A married family man hanged himself at the rear of Chester Cathedral after a day at the races with his wife and friends.
James Cockburn Greig, 49, a self-employed construction designer from Middlewich, took his own life according to the coroner at an inquest in Warrington held on Wednesday (November 15).
His death on May 11, by the rear cathedral entrance in Abbey Square, followed a bout of depression.
Although Mr Greig, a father-of-four, had previously expressed suicidal thoughts he had always denied he would ever self-harm. He had been on medication and was engaging with his GP and mental health services so his death came as a shock.
A statement was read on behalf of his widow Nicola, who was present but too upset to address the hearing.
She said: “I was not aware of any medical issues in James’ younger life but I know that he has always had problems with his mental health and I’ve been aware of these since we first met as he was very open with me.”
She said he suffered with insomnia and was diagnosed with sleep apnoea in 2016 which entailed wearing an oxygen mask at night.
“He also suffered with stress and anxiety which wasn’t helped with the stresses of his work. A few months ago the medication for his mental health problems was changed and made stronger but this was not working and he was due to go back to the GP to get it changed.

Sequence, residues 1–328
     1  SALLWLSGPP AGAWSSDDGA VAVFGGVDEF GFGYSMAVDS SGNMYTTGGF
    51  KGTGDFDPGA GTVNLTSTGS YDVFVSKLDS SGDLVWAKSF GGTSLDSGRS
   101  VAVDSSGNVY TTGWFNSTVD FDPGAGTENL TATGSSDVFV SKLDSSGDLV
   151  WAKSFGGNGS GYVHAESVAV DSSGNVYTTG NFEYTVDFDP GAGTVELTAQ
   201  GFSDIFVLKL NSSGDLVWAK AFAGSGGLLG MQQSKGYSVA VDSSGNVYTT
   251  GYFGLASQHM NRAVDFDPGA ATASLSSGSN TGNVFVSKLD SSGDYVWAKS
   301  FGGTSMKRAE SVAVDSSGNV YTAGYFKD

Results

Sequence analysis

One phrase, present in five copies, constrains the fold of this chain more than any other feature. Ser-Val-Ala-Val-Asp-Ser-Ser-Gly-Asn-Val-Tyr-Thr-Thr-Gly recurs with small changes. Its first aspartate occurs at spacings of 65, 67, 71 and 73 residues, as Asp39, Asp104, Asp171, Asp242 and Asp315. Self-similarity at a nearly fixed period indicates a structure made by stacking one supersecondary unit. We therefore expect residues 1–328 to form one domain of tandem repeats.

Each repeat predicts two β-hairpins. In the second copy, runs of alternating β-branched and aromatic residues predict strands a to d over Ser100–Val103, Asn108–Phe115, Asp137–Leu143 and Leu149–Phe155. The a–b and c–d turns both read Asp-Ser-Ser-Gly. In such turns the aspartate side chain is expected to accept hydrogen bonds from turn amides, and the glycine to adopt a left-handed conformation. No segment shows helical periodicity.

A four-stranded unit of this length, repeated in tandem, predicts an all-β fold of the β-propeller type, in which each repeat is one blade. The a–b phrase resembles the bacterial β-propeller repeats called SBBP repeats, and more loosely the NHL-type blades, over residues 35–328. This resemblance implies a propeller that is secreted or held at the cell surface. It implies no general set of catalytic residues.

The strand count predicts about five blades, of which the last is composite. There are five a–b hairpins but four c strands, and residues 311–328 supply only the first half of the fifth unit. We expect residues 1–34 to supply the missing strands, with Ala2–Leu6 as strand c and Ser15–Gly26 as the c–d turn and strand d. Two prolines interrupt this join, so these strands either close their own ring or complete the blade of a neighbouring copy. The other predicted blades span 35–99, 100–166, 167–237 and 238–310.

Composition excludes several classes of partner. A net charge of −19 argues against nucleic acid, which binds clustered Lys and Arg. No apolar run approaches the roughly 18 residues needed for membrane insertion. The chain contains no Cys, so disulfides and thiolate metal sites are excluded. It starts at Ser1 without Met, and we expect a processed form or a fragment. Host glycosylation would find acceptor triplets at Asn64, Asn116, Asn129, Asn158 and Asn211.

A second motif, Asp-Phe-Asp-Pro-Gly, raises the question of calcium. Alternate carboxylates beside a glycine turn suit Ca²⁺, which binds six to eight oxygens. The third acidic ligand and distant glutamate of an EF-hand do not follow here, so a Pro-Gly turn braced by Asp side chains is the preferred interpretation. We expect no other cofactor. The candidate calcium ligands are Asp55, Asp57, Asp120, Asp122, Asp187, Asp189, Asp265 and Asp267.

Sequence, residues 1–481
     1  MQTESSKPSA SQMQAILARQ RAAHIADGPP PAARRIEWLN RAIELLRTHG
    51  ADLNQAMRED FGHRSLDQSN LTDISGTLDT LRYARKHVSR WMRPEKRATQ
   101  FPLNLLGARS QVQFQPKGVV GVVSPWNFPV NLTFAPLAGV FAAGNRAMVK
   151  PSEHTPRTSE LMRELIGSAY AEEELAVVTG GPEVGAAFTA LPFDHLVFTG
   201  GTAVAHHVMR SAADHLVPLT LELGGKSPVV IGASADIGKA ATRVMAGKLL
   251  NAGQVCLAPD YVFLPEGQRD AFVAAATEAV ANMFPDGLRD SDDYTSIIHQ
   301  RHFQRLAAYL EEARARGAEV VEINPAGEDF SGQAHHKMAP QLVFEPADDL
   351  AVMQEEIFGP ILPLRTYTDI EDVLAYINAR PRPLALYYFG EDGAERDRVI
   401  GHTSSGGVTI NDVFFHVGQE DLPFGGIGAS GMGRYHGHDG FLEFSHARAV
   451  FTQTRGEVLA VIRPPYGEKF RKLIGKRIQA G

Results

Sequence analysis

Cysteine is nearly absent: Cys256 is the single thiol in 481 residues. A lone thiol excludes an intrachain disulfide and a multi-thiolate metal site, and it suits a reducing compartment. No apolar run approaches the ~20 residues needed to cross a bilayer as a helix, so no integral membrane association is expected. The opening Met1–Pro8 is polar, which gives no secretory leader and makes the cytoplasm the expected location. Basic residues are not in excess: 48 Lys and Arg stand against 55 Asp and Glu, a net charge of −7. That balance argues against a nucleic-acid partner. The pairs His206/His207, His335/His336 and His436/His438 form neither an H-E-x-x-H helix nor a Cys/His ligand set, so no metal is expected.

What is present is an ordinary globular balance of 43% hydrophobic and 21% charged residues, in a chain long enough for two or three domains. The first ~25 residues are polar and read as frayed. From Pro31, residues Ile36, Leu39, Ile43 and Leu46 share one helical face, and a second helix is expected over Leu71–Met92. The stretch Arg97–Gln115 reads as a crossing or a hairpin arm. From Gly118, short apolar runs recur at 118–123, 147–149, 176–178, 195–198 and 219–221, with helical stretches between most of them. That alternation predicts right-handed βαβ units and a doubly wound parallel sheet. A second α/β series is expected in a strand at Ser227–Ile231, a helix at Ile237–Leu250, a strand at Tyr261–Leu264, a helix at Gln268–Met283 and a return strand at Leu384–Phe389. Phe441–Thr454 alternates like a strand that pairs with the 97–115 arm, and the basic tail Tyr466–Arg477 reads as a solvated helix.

“He was very open with regards his mental health and we talked about this a lot. He has never self-harmed to my knowledge but has disclosed that he has thought about driving his car into a wall or an HGV.
“He has mentioned this a few times in the past but has always said he wouldn’t do anything like that.”
The couple went to Ladies’ Day in a minibus with a group of friends on Thursday, May 11.
“James won at the races with betting and had a really good day out and seemed in a good mood,” said Mrs Greig.
“Before leaving the races I said to James that he should ease off drinking as it would have an effect on his medication, which he did and had a bottle of water.”
At around 6-6.30pm the group of friends visited The Architect pub in Chester for ‘a few drinks’.
James went to the bar with the men as the women stayed outside but then suddenly disappeared.
Despite searching for Mr Greig for half an hour and making attempts to contact him by calling and texting and using the Find iPhone app, he could not be traced as his mobile was switched off.
Mrs Greig said it was ‘normal’ for her husband, who had consumed about 10 pints of lager, to walk off and find his own way home so the party returned to Middlewich in the minibus about 7pm.
Mrs Greig was awoken by a police officer at 1am the next day, who broke the tragic news.
The inquest heard earlier that evening a senior verger at Chester Cathedral, Corentyn Smith, had witnessed a man we now know to be Mr Greig sitting at the back of the service with his head bowed.
“His whole demeanour appeared not happy,” he said in a statement.
He was still present after the service had finished so was politely asked to leave and nodded. After locking up about 6.50pm, Mr Smith passed him sitting on a wall opposite the steps leading into the cathedral.
Less than two hours later paramedics were dispatched to the same area about 8.40pm but Mr Greig was pronounced dead at the scene. CCTV evidence revealed nobody else was involved in his death.
Area coroner for Cheshire, Claire Welch, noted the ‘recent pattern’ of anxiety but that Mr Greig was reporting to his GP and mental health team that he had no intention of acting out his ‘suicidal thoughts’, citing his family and children as the reason he would not do that.
But in all the circumstances she concluded the deceased intended to take his own life ‘at the point at which he did it’.